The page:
The Cold War Comes (Briefly) to Easter Island


The daily LAN flight to Mataveri airport, Easter Island

At 27 degrees south latitude the trade winds blow across Easter Island from the east, so every midday, the daily flight from South America overflies the island, way out beyond it, then turns to descend into the prevailing winds on the NASA-widened air strip. And since it’s the island’s only interaction with the world that day, you watch.

It’s a favorite guidebook story to mention that NASA elongated the airstrip so that the space shuttle could land here in an emergency. I don’t think you’ll find a guide that doesn’t mention it. The runway needed 1,420 additional feet to run it out to the 11,055 feet required for a shuttle landing.

When NASA proposed its scheme some saw it as an evil imperialist plot, and it was met with resistance and even derision by some. In a June 30, 1985 article headlined “Lonely Easter Island Will Be Emergency Shuttle Landing Site,” the L A Times wrote: “Critics claim the United States will turn the remote island into a strategically placed military base that could drag Chile into the forefront of superpower conflicts and make the country a sitting duck in a nuclear war.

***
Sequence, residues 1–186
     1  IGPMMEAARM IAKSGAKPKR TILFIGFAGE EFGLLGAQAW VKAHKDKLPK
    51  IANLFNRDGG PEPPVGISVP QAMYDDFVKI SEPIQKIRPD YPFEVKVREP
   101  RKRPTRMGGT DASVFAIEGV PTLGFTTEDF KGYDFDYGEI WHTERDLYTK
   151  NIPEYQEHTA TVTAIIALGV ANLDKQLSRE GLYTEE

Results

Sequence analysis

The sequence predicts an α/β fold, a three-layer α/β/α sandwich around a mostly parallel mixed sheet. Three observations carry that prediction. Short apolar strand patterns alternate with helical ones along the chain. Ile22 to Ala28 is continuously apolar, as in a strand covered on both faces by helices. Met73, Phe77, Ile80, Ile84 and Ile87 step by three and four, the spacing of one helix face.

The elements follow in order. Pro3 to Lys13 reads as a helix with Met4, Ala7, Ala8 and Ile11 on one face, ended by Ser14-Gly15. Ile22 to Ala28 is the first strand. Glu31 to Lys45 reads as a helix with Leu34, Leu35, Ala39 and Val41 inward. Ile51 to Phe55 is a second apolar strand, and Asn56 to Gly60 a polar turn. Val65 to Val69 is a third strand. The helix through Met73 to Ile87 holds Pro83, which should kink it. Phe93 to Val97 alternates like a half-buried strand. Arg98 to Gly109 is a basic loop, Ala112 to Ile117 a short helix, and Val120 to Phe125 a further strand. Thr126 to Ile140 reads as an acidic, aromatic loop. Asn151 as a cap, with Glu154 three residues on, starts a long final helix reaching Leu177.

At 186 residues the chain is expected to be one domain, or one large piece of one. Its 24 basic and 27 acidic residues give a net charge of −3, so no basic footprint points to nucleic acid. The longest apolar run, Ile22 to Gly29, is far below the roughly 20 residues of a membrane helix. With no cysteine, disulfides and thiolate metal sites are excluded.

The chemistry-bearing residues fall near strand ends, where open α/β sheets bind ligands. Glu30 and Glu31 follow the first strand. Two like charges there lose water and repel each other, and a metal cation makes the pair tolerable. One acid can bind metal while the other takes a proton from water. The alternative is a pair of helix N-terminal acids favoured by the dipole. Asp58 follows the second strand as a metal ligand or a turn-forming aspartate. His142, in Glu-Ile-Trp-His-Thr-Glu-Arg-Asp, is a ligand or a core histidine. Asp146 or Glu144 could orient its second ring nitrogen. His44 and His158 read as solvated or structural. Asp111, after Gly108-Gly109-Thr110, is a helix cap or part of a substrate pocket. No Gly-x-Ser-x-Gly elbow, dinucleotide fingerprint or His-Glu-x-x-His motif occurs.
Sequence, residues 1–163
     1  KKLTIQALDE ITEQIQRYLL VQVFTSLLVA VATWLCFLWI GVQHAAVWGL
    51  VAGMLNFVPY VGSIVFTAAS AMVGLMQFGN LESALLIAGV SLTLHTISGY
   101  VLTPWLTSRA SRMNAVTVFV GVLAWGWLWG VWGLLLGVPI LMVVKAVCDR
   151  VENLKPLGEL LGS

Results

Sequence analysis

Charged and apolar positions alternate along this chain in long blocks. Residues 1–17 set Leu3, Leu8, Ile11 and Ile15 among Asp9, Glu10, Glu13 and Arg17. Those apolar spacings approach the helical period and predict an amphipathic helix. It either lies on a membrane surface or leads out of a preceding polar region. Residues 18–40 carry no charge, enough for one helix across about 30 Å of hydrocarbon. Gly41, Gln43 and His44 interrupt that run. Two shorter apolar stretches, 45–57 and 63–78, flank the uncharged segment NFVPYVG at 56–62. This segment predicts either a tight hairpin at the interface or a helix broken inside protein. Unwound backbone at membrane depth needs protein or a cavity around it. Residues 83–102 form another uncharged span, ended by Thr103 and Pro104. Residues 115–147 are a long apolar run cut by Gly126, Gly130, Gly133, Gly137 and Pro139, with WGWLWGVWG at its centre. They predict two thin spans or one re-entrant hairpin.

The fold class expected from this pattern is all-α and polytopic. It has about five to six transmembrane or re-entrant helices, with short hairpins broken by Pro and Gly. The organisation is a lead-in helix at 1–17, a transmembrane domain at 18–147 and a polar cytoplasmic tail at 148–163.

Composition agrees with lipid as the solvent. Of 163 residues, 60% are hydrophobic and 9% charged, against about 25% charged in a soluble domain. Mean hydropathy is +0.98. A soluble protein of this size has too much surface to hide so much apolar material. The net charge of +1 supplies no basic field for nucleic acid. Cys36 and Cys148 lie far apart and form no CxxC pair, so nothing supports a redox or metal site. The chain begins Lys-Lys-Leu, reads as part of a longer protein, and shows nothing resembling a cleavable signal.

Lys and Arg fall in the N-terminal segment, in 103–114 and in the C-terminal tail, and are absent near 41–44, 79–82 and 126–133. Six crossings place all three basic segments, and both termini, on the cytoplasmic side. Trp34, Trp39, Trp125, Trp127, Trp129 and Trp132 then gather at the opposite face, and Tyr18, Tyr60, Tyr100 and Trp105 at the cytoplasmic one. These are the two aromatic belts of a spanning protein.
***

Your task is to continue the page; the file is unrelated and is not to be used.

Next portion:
In a 1986 article the Times quoted Rado Miro Pomic, a former Chilean presidential candidate, in an interview in Santiago: "The real purpose of the airport expansion is to enlarge the strategic possibilities in the event of a war with the U.S.S.R. It is logical."

Times were different, and it may be worth noting the Chilean government that approved extending the runway in 1985 was a military one, headed by Augusto Pinochet. Maybe that gave some people the jitters. But the objections weren’t just that the Soviets would rush to bomb Chile. Their was also the “Easter Island is an open air museum” criticism. Any criticism in a storm, I guess.

The Times wrote, “the project has come under fire from Chileans who fear it will damage the island's unique archeological heritage.” And: "’The NASA plan is absurd. It's like building a dance floor in the Natural History Museum,’ said Chilean historian Oscar Pinochet de la Barra, one of the critics of the space shuttle landing project.”

For all the angst, as things turned out, the Rapanui today rue the passing of the shuttle program. Chile doesn’t reckon on any more NASA-funded airport maintenance.

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